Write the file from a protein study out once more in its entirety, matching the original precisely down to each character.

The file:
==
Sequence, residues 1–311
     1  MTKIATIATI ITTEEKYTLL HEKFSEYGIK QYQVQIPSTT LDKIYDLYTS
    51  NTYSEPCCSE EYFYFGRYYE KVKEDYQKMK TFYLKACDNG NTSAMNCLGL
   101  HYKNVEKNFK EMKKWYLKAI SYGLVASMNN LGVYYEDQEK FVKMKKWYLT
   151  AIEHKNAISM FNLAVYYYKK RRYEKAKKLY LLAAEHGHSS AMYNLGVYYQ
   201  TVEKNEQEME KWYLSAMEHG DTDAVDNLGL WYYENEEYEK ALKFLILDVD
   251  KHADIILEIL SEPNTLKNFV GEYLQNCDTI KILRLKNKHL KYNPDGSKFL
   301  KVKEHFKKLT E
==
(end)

Sequence, residues 1–311
     1  MTKIATIATI ITTEEKYTLL HEKFSEYGIK QYQVQIPSTT LDKIYDLYTS
    51  NTYSEPCCSE EYFYFGRYYE KVKEDYQKMK TFYLKACDNG NTSAMNCLGL
   101  HYKNVEKNFK EMKKWYLKAI SYGLVASMNN LGVYYEDQEK FVKMKKWYLT
   151  AIEHKNAISM FNLAVYYYKK RRYEKAKKLY LLAAEHGHSS AMYNLGVYYQ
   201  TVEKNEQEME KWYLSAMEHG DTDAVDNLGL WYYENEEYEK ALKFLILDVD
   251  KHADIILEIL SEPNTLKNFV GEYLQNCDTI KILRLKNKHL KYNPDGSKFL
   301  KVKEHFKKLT E